We’ve been quiet recently because we’ve been out of the country for the past week. We went to Dakar, Senegal for our YWAM West Africa regional conference. Senegal is Mali’s neighbor to the west. We had a really good time at the conference, but the trip there and back was grueling and exhausting. It was a 34 hour bus ride covering 850 miles each way. YWAM chartered a bus which made things a little easier than public transport. We were VERY fortunate to have a brand new bus! It was air conditioned and even had a bathroom which is unheard of in Mali. The drivers were just using it for storage until we asked if we could use it. In fact, they didn't know how to empty the waste tank, so we weren't able to use it on the way home because it filled up on the trip there. Viva Africa!
Not only was the trip long, but the roads were so bad that in some places we traveled for hours no faster than 10-15 MPH. The border was another story all together. On the trip to Dakar, it took us 3 hours to cross the border. There are several border check points the bus needed to stop at and we were constantly battling with the truck traffic. The line for trucks to cross the border was well over a mile long. Truck drivers in Africa need an amazing amount of patience.
When we reached our hotel, our group had filled it to capacity so our family stayed in a bungalow at the hotel owner's house about a 1/2 mile away. Dakar is notorious for power problems and there are usually more blackouts than times of power. Thankfully our hotel had a generator so there was power all the time. Unfortunately, the place we were staying didn't so we arrived to a room with no lights or fans after an exhausting 34 hour bus ride. It was very discouraging to say the least. We ended up sleeping on lounge chairs outside the first night. But we had a wonderful view of the sky and witnessed the August meteor showers. It was beautiful. And the lounge chairs were a step up from sleeping in the bus the night before. Thankfully, we were hooked up to a generator the next day and had power for the rest of our stay and were able to sleep in beds in our room.
The conference went really well and we're happy we went. It was nice to see some of our YWAM friends from other West African countries. In all, there were 120 people from YWAM bases in 8 different countries. We also had a good speaker and a couple of excellent workshops. The conference was translated into French, English, and Portuguese, so we didn’t have to struggle deciphering the French.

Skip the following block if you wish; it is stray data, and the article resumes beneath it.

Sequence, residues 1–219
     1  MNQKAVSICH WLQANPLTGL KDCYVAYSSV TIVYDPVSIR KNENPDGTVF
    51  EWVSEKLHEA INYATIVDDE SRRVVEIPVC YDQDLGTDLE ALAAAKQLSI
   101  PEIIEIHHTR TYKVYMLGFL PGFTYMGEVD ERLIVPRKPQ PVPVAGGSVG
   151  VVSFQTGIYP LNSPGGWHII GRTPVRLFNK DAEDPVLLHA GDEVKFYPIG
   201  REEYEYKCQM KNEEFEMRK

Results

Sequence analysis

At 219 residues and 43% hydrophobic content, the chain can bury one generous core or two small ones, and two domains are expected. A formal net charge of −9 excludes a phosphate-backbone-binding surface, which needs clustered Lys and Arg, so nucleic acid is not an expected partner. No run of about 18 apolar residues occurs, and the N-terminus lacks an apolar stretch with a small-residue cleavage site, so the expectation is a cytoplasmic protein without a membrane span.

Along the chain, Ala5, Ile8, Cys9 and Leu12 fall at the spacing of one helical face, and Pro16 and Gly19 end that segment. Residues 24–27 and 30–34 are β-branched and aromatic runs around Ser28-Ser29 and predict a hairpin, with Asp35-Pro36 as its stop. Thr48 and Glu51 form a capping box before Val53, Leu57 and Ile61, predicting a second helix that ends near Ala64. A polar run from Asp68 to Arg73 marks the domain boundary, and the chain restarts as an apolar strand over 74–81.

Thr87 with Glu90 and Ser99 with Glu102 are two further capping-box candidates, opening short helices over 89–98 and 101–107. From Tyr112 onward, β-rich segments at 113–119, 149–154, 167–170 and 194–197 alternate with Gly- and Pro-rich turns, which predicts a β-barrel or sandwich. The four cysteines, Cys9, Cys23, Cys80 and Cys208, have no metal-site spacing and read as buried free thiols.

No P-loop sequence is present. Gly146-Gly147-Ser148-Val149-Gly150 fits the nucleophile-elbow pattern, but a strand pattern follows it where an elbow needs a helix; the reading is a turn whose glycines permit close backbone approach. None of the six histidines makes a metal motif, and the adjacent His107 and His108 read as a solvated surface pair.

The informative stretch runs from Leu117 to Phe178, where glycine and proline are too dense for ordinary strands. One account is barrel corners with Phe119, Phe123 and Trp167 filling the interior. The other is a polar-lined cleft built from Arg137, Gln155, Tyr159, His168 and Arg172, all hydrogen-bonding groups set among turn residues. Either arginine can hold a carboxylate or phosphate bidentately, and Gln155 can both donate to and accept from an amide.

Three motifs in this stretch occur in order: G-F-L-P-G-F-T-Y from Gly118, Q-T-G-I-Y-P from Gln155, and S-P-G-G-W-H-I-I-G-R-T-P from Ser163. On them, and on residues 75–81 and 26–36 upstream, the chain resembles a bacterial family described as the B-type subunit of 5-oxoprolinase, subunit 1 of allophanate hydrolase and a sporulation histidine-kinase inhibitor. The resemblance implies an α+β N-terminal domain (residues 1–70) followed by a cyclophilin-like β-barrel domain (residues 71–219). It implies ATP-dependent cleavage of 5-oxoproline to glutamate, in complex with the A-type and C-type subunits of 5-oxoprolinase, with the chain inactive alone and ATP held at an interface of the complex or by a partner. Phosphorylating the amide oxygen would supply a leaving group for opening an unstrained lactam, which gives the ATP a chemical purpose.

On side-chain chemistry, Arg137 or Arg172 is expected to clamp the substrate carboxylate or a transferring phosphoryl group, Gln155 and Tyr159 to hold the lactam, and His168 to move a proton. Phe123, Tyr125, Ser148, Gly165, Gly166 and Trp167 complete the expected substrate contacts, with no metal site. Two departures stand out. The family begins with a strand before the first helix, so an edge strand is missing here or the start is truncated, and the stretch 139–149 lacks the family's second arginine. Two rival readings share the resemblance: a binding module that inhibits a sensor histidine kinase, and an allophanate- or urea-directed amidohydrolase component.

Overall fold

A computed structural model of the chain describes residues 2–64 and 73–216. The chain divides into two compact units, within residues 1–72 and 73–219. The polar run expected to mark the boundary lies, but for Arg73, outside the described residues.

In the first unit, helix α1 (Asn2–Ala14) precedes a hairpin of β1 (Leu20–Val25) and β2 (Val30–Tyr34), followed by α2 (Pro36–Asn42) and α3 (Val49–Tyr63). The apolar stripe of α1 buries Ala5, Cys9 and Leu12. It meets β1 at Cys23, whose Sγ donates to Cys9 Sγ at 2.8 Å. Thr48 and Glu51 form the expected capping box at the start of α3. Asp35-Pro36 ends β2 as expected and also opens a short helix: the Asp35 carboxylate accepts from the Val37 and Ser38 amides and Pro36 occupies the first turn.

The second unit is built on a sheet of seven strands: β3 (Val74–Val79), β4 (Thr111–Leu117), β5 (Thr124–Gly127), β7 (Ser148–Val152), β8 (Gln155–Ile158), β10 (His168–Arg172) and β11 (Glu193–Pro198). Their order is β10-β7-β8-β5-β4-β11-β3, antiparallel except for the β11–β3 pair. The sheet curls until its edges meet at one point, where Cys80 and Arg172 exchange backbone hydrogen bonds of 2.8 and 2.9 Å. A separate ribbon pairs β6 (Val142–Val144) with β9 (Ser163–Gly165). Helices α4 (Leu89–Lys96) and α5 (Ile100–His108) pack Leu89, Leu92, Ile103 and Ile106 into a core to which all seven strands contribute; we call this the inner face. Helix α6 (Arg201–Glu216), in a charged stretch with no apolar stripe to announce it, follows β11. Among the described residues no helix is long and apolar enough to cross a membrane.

The apple doesn’t fall very far from the tree as Cole has been showing a lot of interest in sound technician work. He and John worked together running the sound system for the conference, and by the end, Cole was doing it on his own.
In the off-time, we had some good opportunities to relax and explore. We were within walking distance of the beach. So this summer, we've touched both sides of Africa and had a chance to splash in the Indian and Atlantic Oceans!
We were very close to a lake called Pink Lake, due to it’s unusual color. It takes its color from salt and minerals in the lake. It is said to be even saltier than the Dead Sea in Israel! The salt is mined by hand by people literally scraping it off the bottom of the lake and dumping it into canoes one bucket at a time. Women used to be the main workers but they are now prohibited from mining the salt due to massive infertility problems because of the salt and minerals in the water.
We left Dakar on Saturday night at 11pm. It was another long, exhausting trip. This time when we reached the border, it took us over 5 hours to cross. There was a rainstorm the night before that dumped 5 feet of rain in the region. The border was flooded and at times, our driver maneuvered our bus through 3 feet of water. He must have known the road well because everything was under water and it was impossible to see where the road was. Thankfully, we made it through safely. The luggage compartments flooded in the process. We'd heard about situations like this, so we packed everything in a rubber duffel bag which kept our things dry.
We arrived home exhausted but very glad to be back on Monday morning at 5am. Although the trip was long and grueling, we are very thankful we didn’t have any breakdowns or accidents.